Seeing With the Eyes of Faith

I now can see, I have new eyes.

Faith is a mystery, plain and simple. It is not dependent upon what is seen yet it is able to influence what we see. As human beings we tend to believe what we see but as Christians we are called to believe what we do not see (Hebrews 11:1). So what exactly is the relationship between faith and sight?

Though we commonly hear Christians claim that faith should not be influenced by what is seen, I contend that it most certainly should. Yes, I understand that the source of our faith does not come from what we see but we cannot deny that how we see bears tremendously upon our faith. To ignore this reality is to leave our faith vulnerable to the unnecessary intimidations of fear and doubt. This is why it is critical that we, as Christians, learn how to see with the eyes of faith.

We see such vision at work in the Old Testament prophets. It is also found in Jesus’ prayer for his disciples to be able to “see and hear” what others couldn’t (Matthew 13). Finally, it is also in the Apostle Paul’s prayer to the Ephesian believers. He prays that the eyes of their heart would be opened so that their understanding would be enlightened (Ephesians 1:18). Something incredibly remarkable transpires in the human heart when the Holy Spirit reveals God dynamically at work in what previously only seemed ordinary or overwhelming. How do we acquire the eyes of faith?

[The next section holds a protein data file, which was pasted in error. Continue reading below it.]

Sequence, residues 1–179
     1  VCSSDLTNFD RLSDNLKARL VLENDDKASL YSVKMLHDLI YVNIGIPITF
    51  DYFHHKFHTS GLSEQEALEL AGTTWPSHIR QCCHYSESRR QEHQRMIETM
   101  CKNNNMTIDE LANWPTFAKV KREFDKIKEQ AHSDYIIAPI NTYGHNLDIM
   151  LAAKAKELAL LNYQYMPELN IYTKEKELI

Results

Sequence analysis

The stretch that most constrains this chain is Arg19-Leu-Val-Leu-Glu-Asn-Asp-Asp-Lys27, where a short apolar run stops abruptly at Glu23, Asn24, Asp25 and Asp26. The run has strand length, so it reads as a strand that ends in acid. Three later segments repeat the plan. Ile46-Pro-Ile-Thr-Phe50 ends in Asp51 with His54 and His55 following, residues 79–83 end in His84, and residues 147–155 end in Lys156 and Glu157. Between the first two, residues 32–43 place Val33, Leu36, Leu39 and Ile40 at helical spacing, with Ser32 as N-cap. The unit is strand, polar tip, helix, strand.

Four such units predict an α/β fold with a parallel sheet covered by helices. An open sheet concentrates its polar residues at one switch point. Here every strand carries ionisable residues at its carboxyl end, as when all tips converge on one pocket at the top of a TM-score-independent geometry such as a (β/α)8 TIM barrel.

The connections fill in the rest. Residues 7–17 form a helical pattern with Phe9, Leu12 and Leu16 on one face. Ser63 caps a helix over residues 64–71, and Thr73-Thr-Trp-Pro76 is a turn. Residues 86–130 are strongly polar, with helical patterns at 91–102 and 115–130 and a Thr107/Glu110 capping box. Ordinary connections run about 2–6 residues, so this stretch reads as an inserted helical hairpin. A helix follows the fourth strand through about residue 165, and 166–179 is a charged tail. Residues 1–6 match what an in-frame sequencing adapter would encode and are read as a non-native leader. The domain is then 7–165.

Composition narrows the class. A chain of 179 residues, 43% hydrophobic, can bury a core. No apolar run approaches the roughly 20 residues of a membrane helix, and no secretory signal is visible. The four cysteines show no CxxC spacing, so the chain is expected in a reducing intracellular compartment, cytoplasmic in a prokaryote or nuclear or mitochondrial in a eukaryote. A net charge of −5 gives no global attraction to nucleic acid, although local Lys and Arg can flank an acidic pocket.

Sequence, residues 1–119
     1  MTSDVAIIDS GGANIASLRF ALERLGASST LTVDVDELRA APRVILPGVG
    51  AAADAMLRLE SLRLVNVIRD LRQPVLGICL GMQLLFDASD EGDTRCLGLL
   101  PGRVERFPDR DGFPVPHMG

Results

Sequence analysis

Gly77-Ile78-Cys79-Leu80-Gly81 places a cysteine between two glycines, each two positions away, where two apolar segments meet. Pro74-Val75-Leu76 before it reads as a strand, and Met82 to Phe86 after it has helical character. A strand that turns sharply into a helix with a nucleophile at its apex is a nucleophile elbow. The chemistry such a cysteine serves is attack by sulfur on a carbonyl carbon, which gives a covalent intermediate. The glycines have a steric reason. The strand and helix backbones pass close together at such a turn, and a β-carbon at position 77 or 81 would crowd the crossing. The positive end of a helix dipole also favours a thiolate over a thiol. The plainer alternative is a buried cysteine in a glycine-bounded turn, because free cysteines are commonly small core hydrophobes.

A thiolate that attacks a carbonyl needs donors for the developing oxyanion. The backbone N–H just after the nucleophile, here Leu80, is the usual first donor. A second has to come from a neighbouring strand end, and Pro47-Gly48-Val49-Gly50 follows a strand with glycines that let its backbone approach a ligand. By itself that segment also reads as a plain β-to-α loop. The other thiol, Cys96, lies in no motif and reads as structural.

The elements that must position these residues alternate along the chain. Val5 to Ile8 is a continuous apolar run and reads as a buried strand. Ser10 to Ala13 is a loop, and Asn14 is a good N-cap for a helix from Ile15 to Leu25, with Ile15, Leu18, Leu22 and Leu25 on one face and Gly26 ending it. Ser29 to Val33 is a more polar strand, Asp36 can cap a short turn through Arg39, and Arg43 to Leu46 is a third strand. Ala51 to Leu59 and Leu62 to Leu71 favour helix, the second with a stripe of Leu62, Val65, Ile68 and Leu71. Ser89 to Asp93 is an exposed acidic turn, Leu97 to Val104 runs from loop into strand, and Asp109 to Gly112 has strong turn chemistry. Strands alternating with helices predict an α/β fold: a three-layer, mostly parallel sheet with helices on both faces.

We gain such vision when we surrender to God. For every act of surrender becomes a confession of our sin to trust fear or doubt rather than his goodness and grace. Through such confession, God meets us exactly at our point of need. Here we discover that his love overshadows what had earlier seemed so intimidating. And just like the romantic struck by love, so too does the surrendered saint see the world in a brand new light. This vision of love will strengthen our faith because God will seem nearer than ever before.

We’ll see value in people we never really liked in the past; we will see beauty in the previously mundane; we’ll see the light of hope in what formerly appeared only shrouded in darkness. Yes, the more we daily choose to surrender our hearts to God the more he’ll unveil our eyes of faith. And when he does, we won’t be able to stop ourselves from crying out, “I now can see; I have new eyes!” Next week we will talk about the importance of honesty in our transformational journey of holy surrender.

 


What Do You Think?

Have you ever “seen” a situation more clearly after a time of prayer or worship? What were you able to see differently and how did it impact you?


 

♦   To see the video and poem this post is based on, click here.

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Author: David Trementozzi

David Trementozzi is married to his wife, Emily and they have three children—Judah, Kaleb, and Halle. David likes to write on topics related to Christian faith and their contemporary theological relevance. He has a B.A. in Psychology (Messiah College), Masters of Divinity, and Ph.D in Theology (Regent University). David is currently a professor of Theology at Continental Theological Seminary in Brussels, Belgium. To learn more about David, go to the About David page above.